Cereus jamacara / Queen of the Night / Nagblom

Dense clump of nagblom                                            Spines occur in clusters of 5-10

[Download the Fact Sheet in English or Afrikaans]


Description: A spiny, tree up to 7 m high with multiple winged, thick, succulent vertical branches arising from a short woody trunk.

NB: Superficially resembles the naboom (Euphorbia ingens), but can easily be distinguished from all indigenous Euphorbia by:

1) its clusters of 5-10 spines (the others are spineless or have a single or a pair of

   spines); and

2) the fact that it does not exude a milky latex when cut.

Its name is due to the attractive white flowers produced in spring/early summer and which open mainly at night and close again at dawn. Like many cacti, it produces an edible, yellow-pinkish red fruit, the seeds of which are spread by monkeys and birds.


Origin: Introduced from South America (Brazil) as an ornamental plant and barrier hedge.

Occurrence: It invades rocky ridges and savanna, growing under and among trees. It is particularly prevalent in Mpumalanga and in southern Limpopo and is readily seen along the road from Vaalwater to Melkrivier.


Why it is a problem: It replaces indigenous vegetation and prevents animals from accessing food and shade. Chopped or broken branches readily take root and form new plants.

It is a declared Category 1 invader weed and its removal is mandatory. It is particularly important to eradicate this invader while serious infestations are still uncommon.

Elimination / Control Methods: This plant is relatively easy to eliminate, either physically or using herbicides. As with other cacti, it is also very successfully controlled using biological agents, which have the advantage of not creating any herbicidal risks – see below – but which are much slower in achieving the same results.

The plant can be cut down and its extensive root system dug up; however, great care should be taken during removal of the parts of the plant to ensure that none are left behind or along the way. All parts of the plant should be burnt (although it is also possible to bury them deeply).

Herbicides should be applied early in the growing season.

Note that:

-        All herbicides should be used when freshly mixed (do not leave the solution overnight).

-        NB: Follow carefully the instructions provided on herbicide label. Many herbicides can be toxic to other plants and or game and livestock if used inappropriately. (Mis-use of herbicides is also a criminal offence in terms of Act No. 36 of 1947).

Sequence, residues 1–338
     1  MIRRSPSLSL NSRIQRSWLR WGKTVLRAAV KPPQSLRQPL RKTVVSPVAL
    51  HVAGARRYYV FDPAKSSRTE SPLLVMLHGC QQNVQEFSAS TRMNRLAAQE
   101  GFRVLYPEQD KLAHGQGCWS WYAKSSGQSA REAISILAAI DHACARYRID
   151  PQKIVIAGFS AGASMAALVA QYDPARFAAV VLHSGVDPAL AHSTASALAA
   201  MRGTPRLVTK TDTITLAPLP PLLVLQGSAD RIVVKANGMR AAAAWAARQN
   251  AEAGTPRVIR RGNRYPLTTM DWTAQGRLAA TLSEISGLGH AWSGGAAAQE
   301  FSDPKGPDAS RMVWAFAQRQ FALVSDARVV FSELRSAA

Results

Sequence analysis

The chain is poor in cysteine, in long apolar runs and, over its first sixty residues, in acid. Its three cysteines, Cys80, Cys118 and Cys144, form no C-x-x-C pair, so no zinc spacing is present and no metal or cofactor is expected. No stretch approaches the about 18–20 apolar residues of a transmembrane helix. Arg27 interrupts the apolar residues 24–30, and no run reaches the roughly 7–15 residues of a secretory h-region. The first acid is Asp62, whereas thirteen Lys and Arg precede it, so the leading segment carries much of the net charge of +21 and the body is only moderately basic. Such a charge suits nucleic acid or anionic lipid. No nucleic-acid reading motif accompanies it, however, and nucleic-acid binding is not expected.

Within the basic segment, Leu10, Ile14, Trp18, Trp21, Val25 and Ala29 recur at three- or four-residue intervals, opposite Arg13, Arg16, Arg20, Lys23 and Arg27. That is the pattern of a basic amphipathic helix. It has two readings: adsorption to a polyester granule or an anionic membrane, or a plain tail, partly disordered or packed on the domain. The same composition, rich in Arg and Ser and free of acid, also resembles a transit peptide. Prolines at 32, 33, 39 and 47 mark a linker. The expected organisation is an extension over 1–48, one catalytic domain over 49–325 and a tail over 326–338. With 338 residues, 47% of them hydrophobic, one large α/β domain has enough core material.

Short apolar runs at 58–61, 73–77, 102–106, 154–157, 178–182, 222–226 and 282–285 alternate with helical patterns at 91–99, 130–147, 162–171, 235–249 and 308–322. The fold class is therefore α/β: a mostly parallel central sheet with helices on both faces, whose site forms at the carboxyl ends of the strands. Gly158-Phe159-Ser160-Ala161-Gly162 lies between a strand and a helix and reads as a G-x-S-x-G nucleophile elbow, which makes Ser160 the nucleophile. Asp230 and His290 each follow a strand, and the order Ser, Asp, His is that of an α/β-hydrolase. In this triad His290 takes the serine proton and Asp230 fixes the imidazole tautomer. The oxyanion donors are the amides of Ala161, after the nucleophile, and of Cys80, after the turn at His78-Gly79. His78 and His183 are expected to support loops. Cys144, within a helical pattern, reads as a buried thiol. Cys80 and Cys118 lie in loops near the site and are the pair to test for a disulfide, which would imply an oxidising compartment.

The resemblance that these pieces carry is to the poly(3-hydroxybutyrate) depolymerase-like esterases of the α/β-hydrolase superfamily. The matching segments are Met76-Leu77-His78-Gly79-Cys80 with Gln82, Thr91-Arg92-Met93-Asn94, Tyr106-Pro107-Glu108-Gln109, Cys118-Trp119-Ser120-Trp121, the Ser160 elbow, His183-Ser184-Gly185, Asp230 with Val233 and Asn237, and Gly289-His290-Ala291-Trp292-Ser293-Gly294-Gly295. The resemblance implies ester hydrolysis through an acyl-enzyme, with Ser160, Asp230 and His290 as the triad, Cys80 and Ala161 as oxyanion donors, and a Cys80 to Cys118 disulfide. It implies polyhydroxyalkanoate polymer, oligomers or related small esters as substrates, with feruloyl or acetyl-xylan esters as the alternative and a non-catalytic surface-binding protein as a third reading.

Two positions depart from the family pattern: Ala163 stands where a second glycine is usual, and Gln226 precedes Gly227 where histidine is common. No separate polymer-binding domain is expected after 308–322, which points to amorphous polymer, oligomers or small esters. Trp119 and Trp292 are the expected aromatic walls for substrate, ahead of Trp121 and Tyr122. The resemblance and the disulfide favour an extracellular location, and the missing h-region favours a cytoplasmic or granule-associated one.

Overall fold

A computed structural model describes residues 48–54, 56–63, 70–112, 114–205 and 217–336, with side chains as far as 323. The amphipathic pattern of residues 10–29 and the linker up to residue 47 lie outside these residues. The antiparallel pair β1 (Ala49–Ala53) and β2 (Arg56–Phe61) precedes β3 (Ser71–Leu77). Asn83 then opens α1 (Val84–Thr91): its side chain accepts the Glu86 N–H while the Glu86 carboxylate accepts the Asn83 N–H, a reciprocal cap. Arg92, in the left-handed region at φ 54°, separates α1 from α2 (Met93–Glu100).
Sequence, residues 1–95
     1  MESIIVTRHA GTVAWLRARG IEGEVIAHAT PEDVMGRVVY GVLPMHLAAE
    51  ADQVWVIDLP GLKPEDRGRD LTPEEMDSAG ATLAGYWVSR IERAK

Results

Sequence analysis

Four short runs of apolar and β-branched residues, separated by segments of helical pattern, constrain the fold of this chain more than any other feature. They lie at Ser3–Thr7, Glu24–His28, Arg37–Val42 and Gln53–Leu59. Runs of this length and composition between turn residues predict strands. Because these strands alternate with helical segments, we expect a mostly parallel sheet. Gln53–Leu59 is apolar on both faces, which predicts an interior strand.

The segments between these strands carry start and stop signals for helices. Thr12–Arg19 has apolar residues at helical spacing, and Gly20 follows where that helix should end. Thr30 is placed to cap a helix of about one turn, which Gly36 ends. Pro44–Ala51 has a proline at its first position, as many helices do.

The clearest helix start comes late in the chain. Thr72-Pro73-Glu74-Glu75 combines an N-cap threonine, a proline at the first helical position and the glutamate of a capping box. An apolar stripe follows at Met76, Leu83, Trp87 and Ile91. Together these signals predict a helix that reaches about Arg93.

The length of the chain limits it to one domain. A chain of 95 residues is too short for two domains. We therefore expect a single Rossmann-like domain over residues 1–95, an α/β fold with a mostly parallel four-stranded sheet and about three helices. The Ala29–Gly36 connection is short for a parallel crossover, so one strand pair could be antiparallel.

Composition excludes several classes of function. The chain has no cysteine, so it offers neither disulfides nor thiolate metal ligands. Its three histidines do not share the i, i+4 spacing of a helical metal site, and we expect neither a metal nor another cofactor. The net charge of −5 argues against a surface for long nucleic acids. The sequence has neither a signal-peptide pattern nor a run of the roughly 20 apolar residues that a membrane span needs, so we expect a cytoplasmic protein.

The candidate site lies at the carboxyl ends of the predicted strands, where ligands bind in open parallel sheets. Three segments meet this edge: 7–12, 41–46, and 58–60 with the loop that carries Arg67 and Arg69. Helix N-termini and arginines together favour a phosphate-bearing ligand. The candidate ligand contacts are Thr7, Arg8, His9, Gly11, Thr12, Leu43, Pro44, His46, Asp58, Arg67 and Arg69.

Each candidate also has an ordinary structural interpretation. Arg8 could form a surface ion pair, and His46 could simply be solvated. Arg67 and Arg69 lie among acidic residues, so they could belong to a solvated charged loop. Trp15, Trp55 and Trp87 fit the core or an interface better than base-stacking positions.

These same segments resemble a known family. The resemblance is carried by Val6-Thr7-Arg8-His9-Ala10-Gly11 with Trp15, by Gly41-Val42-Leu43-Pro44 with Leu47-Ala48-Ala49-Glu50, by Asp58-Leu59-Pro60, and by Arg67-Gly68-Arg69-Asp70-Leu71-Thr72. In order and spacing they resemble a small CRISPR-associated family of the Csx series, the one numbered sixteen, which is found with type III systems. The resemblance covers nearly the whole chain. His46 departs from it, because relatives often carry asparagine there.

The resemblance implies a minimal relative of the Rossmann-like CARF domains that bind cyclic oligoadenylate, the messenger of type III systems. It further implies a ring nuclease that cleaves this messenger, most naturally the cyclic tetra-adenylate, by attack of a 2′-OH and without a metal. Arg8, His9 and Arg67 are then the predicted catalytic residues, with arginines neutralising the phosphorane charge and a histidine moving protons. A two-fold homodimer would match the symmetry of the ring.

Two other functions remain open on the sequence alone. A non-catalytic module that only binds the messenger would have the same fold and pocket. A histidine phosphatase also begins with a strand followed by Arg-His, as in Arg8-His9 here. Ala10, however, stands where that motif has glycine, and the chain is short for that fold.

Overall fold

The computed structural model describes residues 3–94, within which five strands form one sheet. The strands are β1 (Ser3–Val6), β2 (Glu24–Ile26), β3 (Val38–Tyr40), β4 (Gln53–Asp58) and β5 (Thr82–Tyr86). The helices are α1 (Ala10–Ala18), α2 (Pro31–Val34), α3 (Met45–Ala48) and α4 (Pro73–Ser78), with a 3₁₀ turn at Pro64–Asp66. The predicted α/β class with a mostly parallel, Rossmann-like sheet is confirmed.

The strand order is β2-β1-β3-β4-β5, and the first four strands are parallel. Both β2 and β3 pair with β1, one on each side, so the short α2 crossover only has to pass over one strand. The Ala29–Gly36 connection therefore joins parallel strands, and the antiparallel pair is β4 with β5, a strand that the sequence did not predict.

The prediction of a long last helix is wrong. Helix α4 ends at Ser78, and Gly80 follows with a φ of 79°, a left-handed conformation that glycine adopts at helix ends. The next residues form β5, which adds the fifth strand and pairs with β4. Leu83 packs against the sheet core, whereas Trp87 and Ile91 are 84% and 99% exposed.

The principal herbicide registered for use against the plant, with great success, is MSMA 720 SL (L7279). Dilute 1 litre of MSMA in 2 litres of water and inject the solution into pre-made holes in the stem of the plant at ~2.5m intervals, with only 2 ml per hole. Repeated treatment of up to 8 injections may be necessary.

NB: SANBI has advised that MSMA has recently been withdrawn from use by state departments because in isolated cases, it has been found to be highly toxic to grazing stock and wildlife, as it readily contaminates the grass surrounding the target plants. However, MSMA can be used safely if it is injected into the target plant, not sprayed onto it. It is strongly advised that the area to be treated is enclosed by a simple temporary fence to keep livestock and game out; and that the treated plants, once they have died off, are collected, burned in a pit and covered over with soil, before allowing animals into the area again.

The active herbicide ingredient glyphosate has also been registered for use against this and some other cacti, although it does not deliver results as good as MSMA. Numerous herbicides containing this chemical that have been registered, for example Duiker 180, Roundup Max, Nexus, Cobra, Springbok.

Biologically, some success has been reported from the use of the stem borer Alcidion cereicola, which was released in 1990.



ARC-LNR Weeds & Invasive Plants website: www.agis.agric.za/wip

ARC-LNR SAPIA News 25 (July 2012): ARC – Plant Protection Research Institute, Pretoria. www.arc.agric.za

Bromilow, Clive (2010): Problem Plants and Alien Weeds of South Africa. Briza. Pretoria

Henderson, Lesley (2001): Alien Weeds & Invasive Plants. Agricultural Research Council (ARC), Pretoria.

Van Zyl, Kathy, compiler (2005): Control of Unwanted Plants. Xact Information, Pretoria.

Van Zyl, Kathy, compiler (2012): Problem Plant Control Compendium. AVCASA, Midrand

(This email address is being protected from spambots. You need JavaScript enabled to view it.)

Special thanks to Dr Gerhard Verdoorn of Griffon Poison Information Centre, to Mr Ferdie Jordaan of Arysta Lifescience and to Ms Lesley Henderson of ARC for their invaluable advice and guidance. Their enthusiastic support for this voluntary project is greatly appreciated.